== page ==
The General of the Italian Carabinieri and the Police Chief came to see me yesterday morning in the parish, the Prefect and the President of the Republic, Sergio Mattarella, called to express their solidarity. I appreciate all of their sympathy, but last night I was alone in the church with the faithful, who were a bit intimidated, fewer in number than on other occasions. Police officers came and noted that there are no surveillance cameras near the parish, although we have been asking for them for years. There is little the police can do. Given the dimensions of the municipality of Caivano, we are entitled to 64 policemen, but in fact there are 10, some of whom are nearing retirement, some have disabilities, others are on sick leave, which means very few of them patrol the streets. I am a priest and I welcome everyone: former Prime Minister Giuseppe Conte, who was already in Naples, came to see me in the parish. I would like to thank him and all those who expressed solidarity with us.
However, two days have already passed since the bomb exploded and I wonder whether they will carry out another symbolic attack. Will they plant another bomb? Or will they come back, with more determination, to hurt me – since, in spite of myself, I have become a symbol?
Father Maurizio, are you afraid?
It’s a difficult question. If I said no, I would seem like a fool; if I said yes, I would seem a coward. Fear is part and parcel of our humanity. If someone is pointing a gun at you, your first reaction is to run for safety. However, if they intend to kill, the Camorrists will follow through. That is why I don’t think that police escorts can be of much help. I am a parish priest, how could I live with a security guard? I visit people who ask for the anointing of the sick, I see the faithful who ask to be confessed. And then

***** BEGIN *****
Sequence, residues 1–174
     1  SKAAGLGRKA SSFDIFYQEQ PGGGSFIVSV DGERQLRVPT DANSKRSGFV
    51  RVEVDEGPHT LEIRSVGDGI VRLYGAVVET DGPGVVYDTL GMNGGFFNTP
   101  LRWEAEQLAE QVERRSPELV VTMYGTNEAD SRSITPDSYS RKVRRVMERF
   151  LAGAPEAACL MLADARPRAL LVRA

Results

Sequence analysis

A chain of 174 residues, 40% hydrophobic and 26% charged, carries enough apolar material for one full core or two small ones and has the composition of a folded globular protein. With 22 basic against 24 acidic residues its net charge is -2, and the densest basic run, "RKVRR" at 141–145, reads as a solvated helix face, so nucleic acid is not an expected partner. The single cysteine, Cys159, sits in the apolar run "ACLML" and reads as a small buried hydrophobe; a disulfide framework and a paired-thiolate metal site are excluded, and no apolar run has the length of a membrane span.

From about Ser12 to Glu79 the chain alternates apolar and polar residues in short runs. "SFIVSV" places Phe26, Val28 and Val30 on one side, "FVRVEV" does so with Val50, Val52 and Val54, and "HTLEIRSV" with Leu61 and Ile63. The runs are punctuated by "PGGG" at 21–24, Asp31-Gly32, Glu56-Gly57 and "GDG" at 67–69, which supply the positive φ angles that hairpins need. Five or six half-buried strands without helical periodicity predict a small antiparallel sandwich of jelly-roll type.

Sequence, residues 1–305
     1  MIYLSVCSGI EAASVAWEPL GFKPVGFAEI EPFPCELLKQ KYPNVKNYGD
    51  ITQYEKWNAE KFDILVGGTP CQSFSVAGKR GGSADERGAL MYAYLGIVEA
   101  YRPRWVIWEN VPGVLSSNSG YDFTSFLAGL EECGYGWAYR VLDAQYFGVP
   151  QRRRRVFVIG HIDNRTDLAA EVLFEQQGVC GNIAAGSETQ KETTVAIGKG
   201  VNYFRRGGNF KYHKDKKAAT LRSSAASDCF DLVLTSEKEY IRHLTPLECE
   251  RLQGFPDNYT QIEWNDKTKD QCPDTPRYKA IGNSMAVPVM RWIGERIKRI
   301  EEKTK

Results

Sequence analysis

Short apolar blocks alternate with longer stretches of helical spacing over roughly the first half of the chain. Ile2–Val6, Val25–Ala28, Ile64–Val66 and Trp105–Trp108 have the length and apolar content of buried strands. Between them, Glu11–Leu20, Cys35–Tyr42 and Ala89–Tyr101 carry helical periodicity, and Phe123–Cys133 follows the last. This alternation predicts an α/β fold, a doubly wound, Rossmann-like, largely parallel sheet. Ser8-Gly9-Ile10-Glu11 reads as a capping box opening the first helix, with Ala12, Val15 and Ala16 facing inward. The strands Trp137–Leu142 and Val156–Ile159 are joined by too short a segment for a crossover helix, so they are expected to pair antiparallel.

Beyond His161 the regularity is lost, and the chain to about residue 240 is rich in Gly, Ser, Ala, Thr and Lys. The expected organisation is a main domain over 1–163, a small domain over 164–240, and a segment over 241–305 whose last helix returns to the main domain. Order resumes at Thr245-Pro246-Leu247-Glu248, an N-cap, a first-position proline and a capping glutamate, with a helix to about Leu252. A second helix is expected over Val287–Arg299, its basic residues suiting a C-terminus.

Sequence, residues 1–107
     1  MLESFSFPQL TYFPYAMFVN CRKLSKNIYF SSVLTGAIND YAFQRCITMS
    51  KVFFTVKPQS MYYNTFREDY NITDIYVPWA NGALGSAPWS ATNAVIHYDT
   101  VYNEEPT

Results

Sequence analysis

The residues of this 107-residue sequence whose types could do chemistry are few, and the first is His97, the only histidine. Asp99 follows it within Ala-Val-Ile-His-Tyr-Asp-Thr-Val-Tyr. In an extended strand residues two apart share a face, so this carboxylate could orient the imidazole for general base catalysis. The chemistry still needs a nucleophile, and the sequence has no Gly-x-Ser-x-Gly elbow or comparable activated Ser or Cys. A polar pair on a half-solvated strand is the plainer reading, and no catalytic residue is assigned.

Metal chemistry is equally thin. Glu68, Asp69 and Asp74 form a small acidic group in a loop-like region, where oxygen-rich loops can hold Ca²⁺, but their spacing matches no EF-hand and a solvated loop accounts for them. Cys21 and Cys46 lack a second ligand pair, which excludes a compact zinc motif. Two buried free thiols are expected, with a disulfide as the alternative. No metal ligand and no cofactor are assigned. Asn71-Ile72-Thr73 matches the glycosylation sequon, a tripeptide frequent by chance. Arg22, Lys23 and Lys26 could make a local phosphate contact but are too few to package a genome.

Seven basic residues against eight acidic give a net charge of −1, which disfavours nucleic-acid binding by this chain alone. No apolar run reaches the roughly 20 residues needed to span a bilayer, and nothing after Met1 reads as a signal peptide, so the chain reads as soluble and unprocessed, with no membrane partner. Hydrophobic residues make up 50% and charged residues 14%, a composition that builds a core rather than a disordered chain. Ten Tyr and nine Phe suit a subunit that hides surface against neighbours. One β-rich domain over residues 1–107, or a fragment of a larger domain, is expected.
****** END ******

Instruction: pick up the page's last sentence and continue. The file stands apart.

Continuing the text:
when I stand at the altar in church celebrating Mass, saying the Lord’s Prayer with my hands raised, I am the most vulnerable man in the world.
In that moment anyone could easily approach me and attack me, if that’s their intention, causing a commotion in the church, among the faithful, the children. No one entering the church can be stopped by security, the church is open to everyone. Hurting a parish priest is the easiest thing in the world. If they intend to hurt me, they will find a way, with or without an escort.
What would you like to say to the Camorrists?
Yesterday I made an effort to send a message to them too, saying:
“What we are doing is aimed first of all at protecting your children, at saving them, because unfortunately you have not loved them. You are your children’s greatest enemies. It pains me to say this, and it brings tears to my eyes, because you have forced them onto a dead-end street, a road with no turning back, which will inevitably lead either to the graveyard – and you will mourn them when they are very young – or to the prison of Poggioreale.”
I have seen countless mothers weeping on the white coffins of their offspring, and I respect their tears, but, to be intellectually honest, it must be said that if these young criminals were themselves the children of Camorra mafia criminals, their parents have no right to mourn because it was their fault, it was their own doing, even if they were killed by the gun of a rival gang. We want to save the children of the Camorra, we want to save our people, we have a duty to spread the message of the Gospel.
The Gospel and the Mafia, the Gospel and the Camorra are two incompatible ingredients that will never mix; they will never combine into the same cake.
Pope Francis spelled it out, St John Paul II had said it before him:
The Mafia members, the Camorra, are excommunicated, they are the enemies of our community, of our children, of our society, of our people, of our economy, of our freedom, of our dignity. You cannot ask a human being, a Christian, a priest, to forsake his own flesh, his own DNA. The thirst for freedom, for truth, for dignity, for honesty, for legality, for normality, is enshrined in our DNA.
Of course, they may hurt us. But we can live with that.